Mega-Streams of the Atlantic

Where are they hiding?

Currents of the Atlantic on near-surface
Blue areas shows slower, yellow and red areas faster currents.

In the middle of the Ocean, between Greenland and Norway and before Newfoundland, enormous masses of water disappear from the surface and plunge straight down to the bottom – thousands of meters deep, according to scientists. Like the drain-hole of a bathtub, this succion movement draws twenty times more water into the abyss than all the rivers of Earth together carry into the oceans.

This downward motion is the engine which from all appareances powers the whole global conveyer belt, the mighty system of water exchanges between the seas and oceans of Earth. The Gulfstream participates prominently in this so-called thermohaline circulation: in tropical regions, the sun heats up the surface waters and through evaporation, it increases the level of salinity. Additionally propulsed by winds and deviated by means of the Coriolis force created by the Earth’s rotation, the Gulfstream transports water from the Equator to the North.

But where are the mega-streams hiding?

The Gulfstream and its northern offshoots constitute a decisive factor in the European climate: without the heat energy of the Sea, which is equivalent to the output of half-a-million large nuclear plants, climatic conditions in Europe would be equivalent to Siberia’s. When the water adducted from the tropics cools down at last, it acquires denseness again, sinks into the deep and flows back South. In the long term, this mechanism also presides over warm periods and ice ages.

The theory seems secure – and forecasts about the Gulfstream and about the climate are based on them. There is only one hitch: nobody has ever observed the gigantic downward currents.

"Where and how the water sinks down, we do not know,” says oceanographer Jochem Marotzke, Director at the Max-Planck Institute for Meteorology. Despite the fact that scientific research vessels have been cruising the area for almost one hundred years, and that they have studied the ocean all the way to the bottom, and are constantly watching measurement buoys in the waters, scientists have been merely able to identifiy tiny downward swirls.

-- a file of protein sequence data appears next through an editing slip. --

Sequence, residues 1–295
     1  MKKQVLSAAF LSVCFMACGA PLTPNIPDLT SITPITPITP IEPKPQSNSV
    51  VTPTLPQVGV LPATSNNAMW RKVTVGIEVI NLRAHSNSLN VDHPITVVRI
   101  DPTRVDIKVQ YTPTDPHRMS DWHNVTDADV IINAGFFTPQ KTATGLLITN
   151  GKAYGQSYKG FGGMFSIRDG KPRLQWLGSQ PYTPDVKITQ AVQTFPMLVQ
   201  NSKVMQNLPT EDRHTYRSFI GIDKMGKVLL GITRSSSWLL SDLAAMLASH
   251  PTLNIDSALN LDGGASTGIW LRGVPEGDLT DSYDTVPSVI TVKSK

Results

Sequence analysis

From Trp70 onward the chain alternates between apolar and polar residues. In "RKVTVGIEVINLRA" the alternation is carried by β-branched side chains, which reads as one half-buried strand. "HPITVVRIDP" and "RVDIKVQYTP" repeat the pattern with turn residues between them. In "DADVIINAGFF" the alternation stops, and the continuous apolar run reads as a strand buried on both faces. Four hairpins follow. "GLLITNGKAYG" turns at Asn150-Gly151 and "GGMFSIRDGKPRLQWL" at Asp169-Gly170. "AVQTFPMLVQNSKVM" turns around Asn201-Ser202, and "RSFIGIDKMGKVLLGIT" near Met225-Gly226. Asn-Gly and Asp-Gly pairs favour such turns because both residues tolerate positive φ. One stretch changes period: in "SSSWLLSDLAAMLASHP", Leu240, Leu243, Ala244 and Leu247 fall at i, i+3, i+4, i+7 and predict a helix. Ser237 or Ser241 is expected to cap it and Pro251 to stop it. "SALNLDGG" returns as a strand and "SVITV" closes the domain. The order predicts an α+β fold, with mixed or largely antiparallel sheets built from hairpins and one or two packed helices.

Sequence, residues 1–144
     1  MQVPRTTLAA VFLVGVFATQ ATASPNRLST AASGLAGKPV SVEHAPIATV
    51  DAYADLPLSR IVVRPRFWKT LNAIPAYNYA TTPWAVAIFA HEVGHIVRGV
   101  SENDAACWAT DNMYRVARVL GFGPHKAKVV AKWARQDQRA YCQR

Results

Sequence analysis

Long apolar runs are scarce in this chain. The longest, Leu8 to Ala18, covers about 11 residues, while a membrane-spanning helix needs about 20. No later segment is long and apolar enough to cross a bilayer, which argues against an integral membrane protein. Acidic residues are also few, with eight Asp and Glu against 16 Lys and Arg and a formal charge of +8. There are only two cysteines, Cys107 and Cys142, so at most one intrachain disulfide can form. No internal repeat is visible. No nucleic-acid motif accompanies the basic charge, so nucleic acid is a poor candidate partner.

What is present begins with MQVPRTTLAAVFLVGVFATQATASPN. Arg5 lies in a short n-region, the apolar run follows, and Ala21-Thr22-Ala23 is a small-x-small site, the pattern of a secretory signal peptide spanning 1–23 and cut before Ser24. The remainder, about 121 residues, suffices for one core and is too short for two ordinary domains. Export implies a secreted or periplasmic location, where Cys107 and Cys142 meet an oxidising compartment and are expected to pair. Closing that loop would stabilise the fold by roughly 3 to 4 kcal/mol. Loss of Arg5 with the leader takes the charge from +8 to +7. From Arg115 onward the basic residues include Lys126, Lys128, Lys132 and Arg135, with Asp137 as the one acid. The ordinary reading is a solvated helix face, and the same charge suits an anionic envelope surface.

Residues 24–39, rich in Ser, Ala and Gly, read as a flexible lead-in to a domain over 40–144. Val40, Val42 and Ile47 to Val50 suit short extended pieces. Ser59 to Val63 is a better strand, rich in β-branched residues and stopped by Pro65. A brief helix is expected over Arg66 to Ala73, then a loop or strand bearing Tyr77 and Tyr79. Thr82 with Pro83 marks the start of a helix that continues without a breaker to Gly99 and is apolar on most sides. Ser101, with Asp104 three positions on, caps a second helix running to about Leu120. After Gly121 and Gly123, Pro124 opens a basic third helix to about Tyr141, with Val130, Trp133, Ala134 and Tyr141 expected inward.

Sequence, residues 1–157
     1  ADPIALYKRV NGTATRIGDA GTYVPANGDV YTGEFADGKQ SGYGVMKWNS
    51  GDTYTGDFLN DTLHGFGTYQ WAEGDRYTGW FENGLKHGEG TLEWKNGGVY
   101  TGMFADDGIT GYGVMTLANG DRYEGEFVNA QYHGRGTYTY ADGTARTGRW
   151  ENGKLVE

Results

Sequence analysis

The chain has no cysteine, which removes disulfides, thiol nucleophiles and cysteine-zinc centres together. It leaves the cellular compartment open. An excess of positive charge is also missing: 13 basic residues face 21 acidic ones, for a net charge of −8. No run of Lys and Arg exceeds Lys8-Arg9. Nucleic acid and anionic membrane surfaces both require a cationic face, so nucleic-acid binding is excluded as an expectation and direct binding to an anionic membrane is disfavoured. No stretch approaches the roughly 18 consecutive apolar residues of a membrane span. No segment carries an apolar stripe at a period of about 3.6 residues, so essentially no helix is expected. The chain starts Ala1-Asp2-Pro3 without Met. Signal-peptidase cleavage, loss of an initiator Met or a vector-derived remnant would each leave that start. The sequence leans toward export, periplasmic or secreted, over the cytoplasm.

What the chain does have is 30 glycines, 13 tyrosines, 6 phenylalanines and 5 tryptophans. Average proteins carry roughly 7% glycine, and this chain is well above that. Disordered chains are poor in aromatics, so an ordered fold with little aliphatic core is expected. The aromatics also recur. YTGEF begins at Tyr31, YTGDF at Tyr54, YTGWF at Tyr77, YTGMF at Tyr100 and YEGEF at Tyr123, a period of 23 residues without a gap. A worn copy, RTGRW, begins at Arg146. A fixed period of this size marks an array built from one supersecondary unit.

In the Sea of Labrador and in front of Greenland alone, 150 times more water is supposed to sink to the bottom than is driven into the ocean by the Amazon. But merely trickles have been found. The vertical twirls are “small and therefore not directly measurable,” says Detlef Stammer, an oceanographer from Hamburg. “It’s a challenge, to have a measuring instrument at the ready in the right spot and at the right time.” The search is made more difficult because the water apparently sinks only sporadically, and the areas of down-welling move around, explains Stammer’s colleague Detlef Quadfasel.

atlantic streams

A satellite picture of the Atlantic before North America in May 2001: the colors symbolize the repartition of temperatures on the surface of the water. In the red areas, it reaches up to 25° C.

Hunting with sonar-probes

Researchers put themselves downright on the qui vive – so for instance on the German research boat Maria S. Merian: they let probes down into the sea, which send out sound waves and register their echo. Sinking water makes the sound waves expand – like the sound of sirens changes, when a police car passes by quickly.

The instruments carry out a measurement every ten minutes; after three years at most, they are retrieved. From time to time, the instruments manage to register tiny swirls of sinking water: funnels a few hundred meter broad where single swirls drip down at a speed of a few centimeters a second. Plancton is sucked down along into the depths, there is no danger for larger living beings or for boats, Quadfasel says. “But these are indications which we are merely deducing from a few measurements.”